Clár 7 (Programme 7) - Kayaking, Inverin, Conamara

Inverin is a small coastal village at the entrance to Casla Bay, to the west of Galway city. It is also the base for Aer Arann’s daily flights to the Aran Islands and is home to the Irish language television station, TG4.
Its name comes from the Irish, Indreabhán, meaning 'the mouth of the river'.
Like many Gaeltacht villages Inverin has a summer school for those wishing to improve their spoken Irish. Many students travel to Inverin for a holiday and exposure to the Irish language, music, traditions and culture.
It is said that Saint Columkille landed at Inverin on his way from the Aran Islands and his name is linked with the early Christian church there. From here a scenic drive brings the traveller through what is known as Joyce Country, which stretches right across the heart of Conamara.

Clár 8 (Programme 8) - Belfast

Lá (Day) is a daily Irish language newspaper based in Belfast and distributed throughout Ireland. Its new offices were designed by the award-winning architectural practice of Mackel and Doherty.

Clár 9 (Programme 9) - Tourmakeady

Tourmakeady is a Gaeltacht area situated between Lough Mask and the Partry Mountains in south Mayo. In the early 1900s the Gaelic League founded an Irish summer school here. When the school closed in 1950, the premises became the base for Gaeltarra Knitwear. The pure water of the area is bottled by 'Fíor Uisce Thuar Mhic Éadaigh'.


Clár 10 (Programme 10) - Oideas Gael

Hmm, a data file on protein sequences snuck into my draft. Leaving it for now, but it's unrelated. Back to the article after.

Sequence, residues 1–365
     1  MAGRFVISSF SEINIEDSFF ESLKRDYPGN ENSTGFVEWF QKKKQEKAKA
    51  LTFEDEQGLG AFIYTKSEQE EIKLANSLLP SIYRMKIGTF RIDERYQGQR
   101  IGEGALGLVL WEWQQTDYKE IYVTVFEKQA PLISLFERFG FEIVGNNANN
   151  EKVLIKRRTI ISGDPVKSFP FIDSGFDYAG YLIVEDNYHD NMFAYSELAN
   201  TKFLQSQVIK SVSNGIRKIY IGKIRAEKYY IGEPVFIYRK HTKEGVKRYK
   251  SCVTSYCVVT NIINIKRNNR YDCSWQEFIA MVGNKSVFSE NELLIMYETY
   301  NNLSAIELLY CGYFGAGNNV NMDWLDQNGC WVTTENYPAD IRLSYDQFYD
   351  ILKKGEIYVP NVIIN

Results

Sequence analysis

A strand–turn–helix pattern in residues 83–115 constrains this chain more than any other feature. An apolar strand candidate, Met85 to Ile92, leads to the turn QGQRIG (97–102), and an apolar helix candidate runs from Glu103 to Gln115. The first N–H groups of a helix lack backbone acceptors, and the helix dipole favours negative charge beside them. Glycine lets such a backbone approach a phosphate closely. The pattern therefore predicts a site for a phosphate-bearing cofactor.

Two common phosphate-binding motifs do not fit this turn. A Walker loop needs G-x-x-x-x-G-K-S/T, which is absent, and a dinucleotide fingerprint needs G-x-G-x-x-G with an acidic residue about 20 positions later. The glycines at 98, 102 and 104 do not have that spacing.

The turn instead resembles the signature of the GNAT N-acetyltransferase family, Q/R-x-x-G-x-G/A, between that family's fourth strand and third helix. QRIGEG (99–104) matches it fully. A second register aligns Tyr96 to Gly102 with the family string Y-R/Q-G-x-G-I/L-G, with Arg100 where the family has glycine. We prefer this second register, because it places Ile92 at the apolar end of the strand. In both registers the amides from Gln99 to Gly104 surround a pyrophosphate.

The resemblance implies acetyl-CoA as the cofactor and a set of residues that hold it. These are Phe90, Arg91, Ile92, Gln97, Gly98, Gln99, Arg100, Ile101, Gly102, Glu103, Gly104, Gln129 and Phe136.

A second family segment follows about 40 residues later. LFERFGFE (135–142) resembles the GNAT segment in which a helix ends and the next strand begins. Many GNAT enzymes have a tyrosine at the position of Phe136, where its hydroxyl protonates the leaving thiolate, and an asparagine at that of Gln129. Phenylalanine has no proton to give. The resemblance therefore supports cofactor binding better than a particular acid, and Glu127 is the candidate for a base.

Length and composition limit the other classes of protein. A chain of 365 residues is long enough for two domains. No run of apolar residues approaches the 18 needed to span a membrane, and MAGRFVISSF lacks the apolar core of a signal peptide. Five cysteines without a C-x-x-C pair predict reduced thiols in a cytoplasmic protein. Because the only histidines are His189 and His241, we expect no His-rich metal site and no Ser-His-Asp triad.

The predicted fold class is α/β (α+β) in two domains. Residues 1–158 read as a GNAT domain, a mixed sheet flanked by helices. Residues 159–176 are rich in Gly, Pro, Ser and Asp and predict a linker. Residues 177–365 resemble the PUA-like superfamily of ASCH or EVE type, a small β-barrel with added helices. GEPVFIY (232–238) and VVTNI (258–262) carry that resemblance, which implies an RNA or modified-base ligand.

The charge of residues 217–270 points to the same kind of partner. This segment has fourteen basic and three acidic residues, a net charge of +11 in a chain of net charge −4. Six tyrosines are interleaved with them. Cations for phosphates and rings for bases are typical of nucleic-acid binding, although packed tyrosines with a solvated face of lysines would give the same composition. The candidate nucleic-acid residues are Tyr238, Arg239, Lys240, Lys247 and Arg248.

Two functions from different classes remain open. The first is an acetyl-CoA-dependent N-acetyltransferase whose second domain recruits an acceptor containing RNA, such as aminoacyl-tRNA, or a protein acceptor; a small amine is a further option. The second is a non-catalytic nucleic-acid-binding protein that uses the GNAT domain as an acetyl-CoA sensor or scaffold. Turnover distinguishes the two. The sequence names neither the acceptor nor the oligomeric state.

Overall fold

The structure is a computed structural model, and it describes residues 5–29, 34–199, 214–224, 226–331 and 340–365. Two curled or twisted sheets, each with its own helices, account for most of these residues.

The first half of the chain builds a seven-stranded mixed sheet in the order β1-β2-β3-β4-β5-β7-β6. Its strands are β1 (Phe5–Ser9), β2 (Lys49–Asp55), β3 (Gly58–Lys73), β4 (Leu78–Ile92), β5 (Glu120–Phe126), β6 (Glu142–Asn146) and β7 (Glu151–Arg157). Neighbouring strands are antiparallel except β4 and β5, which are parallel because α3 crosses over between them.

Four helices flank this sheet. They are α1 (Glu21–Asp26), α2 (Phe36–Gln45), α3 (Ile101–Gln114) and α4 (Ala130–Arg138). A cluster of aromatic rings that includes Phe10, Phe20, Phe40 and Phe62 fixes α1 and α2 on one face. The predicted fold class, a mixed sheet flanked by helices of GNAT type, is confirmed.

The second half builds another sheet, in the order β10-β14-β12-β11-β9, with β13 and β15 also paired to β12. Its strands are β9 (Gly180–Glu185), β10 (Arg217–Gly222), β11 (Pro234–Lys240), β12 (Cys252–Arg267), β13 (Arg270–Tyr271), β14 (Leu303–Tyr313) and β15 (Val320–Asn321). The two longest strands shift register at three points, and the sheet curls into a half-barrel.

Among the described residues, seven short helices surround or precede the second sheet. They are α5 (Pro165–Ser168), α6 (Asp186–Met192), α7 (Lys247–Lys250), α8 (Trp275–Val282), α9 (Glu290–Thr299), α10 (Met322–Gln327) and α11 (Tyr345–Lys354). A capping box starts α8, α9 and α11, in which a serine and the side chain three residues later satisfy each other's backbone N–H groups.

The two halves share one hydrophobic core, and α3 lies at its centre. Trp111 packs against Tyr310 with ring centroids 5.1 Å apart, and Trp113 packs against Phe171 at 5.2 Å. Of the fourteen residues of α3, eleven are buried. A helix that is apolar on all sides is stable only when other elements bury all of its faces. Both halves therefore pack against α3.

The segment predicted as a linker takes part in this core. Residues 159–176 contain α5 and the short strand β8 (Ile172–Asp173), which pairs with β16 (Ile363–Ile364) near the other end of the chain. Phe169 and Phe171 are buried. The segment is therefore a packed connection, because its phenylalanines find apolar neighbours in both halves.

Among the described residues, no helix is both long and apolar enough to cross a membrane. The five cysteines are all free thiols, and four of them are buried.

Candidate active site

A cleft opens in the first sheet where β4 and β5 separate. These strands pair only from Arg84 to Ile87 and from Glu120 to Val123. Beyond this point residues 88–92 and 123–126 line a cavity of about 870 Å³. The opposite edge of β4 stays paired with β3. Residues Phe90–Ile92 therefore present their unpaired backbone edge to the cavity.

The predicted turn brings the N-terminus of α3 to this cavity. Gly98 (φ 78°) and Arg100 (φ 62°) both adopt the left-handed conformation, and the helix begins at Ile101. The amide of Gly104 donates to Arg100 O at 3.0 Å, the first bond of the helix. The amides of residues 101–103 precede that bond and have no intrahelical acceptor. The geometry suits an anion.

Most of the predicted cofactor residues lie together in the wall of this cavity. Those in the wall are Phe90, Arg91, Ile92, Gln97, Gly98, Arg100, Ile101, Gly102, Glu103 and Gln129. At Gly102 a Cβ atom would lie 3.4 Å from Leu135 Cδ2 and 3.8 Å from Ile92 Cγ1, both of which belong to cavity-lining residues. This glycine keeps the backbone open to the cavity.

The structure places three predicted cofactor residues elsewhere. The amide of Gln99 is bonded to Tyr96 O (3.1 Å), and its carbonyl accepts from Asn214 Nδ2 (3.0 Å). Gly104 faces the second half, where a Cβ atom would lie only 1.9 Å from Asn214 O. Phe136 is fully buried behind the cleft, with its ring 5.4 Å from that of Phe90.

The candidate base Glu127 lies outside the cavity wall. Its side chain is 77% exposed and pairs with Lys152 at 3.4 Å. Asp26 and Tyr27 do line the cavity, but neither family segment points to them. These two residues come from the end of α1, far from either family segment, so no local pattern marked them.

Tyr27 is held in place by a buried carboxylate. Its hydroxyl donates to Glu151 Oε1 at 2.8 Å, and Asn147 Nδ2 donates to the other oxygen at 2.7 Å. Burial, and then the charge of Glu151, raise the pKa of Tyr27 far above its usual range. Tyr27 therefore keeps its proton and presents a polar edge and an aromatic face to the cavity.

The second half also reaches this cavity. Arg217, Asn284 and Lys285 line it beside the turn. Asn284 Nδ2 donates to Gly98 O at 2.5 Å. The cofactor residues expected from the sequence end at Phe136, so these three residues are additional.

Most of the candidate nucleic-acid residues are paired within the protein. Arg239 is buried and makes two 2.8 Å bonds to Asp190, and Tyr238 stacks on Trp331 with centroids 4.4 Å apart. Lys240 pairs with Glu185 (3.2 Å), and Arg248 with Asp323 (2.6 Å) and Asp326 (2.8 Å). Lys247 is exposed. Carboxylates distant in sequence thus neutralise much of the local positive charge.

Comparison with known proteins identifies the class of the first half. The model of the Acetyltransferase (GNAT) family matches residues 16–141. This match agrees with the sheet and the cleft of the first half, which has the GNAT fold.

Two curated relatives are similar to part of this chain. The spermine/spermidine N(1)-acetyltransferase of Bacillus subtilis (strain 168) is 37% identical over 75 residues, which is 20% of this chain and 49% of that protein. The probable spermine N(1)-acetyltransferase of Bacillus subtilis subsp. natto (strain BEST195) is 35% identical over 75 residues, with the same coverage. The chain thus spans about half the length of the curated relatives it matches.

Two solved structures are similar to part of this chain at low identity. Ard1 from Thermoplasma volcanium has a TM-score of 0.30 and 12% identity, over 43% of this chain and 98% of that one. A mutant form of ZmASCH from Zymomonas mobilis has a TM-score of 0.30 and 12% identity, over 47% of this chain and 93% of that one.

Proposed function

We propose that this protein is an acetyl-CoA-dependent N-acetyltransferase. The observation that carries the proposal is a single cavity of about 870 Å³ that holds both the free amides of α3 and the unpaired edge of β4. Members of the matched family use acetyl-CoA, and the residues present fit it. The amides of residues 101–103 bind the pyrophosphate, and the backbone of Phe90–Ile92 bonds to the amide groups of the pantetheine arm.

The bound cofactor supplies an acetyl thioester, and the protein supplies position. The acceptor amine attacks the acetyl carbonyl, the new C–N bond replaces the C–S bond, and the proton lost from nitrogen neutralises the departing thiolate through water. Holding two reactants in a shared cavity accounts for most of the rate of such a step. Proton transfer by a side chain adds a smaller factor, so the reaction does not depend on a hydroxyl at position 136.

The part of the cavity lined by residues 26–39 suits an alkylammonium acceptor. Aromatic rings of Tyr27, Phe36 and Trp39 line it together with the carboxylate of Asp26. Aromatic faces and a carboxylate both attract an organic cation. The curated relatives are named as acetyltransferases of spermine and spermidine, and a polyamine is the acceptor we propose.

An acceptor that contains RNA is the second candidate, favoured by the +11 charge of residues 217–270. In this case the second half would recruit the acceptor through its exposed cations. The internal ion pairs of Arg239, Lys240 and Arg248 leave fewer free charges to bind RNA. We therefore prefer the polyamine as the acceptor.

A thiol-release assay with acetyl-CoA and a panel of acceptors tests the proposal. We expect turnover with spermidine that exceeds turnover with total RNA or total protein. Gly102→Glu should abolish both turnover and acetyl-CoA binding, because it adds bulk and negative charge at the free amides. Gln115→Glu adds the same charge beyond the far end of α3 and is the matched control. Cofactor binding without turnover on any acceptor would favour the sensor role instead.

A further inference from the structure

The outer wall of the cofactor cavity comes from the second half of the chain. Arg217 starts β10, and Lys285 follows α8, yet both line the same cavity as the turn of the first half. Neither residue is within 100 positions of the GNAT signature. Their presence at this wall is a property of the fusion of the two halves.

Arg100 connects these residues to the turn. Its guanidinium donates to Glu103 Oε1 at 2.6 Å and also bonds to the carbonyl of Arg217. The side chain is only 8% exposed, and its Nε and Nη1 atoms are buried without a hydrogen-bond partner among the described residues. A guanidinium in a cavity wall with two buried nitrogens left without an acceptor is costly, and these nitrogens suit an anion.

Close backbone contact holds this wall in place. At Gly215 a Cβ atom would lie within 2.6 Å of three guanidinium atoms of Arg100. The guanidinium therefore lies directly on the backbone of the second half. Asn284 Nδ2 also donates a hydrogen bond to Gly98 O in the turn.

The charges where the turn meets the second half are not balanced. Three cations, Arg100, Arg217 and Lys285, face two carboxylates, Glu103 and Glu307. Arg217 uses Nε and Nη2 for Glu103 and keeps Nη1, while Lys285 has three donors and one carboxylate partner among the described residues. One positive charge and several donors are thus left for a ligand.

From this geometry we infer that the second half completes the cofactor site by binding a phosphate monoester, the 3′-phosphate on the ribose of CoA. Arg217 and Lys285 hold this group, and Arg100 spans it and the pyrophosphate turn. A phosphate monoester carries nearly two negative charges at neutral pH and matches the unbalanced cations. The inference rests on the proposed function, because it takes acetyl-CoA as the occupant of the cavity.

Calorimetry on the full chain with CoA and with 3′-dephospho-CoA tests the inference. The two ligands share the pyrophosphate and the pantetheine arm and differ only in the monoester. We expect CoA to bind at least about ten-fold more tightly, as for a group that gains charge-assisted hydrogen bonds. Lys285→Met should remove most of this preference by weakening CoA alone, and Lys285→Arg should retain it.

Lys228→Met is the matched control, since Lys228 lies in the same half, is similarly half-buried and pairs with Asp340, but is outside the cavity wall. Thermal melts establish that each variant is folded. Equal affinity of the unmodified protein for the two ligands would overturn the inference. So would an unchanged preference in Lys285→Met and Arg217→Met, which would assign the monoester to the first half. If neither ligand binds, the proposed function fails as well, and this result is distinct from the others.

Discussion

Oideas Gael is a unique Irish Language project in Glencolmcille, Co. Donegal that provides activity learning holidays, rich in the culture, art, environment and local traditions.
Thousands of people have enjoyed the varied language and cultural courses at Oideas Gael since it was established in 1984. Glencolmcille is also the site of a well-known Folk Village, founded as a result of notable community effort, and its magical landscape has inspired generations of artists, musicians and writers.


Clár 11 (Programme 11) - Bácús Uí Bhaoill, Fintown, Donegal

This well-known bakery, located in the Donegal Gaeltacht area of Fintown, has been supplying cakes and breads to all of Donegal for more years than they’d care to remember!

Clár 12 (Programme 12) - Brú Na Bóinne, Co. Meath

Brú na Bóinne - the dwelling place of the Boyne - describes an area between the towns of Slane and Drogheda. It is one of the world's most important archaeological landscapes, dominated by the spectacular prehistoric passage tombs of Newgrange, Knowth and Dowth.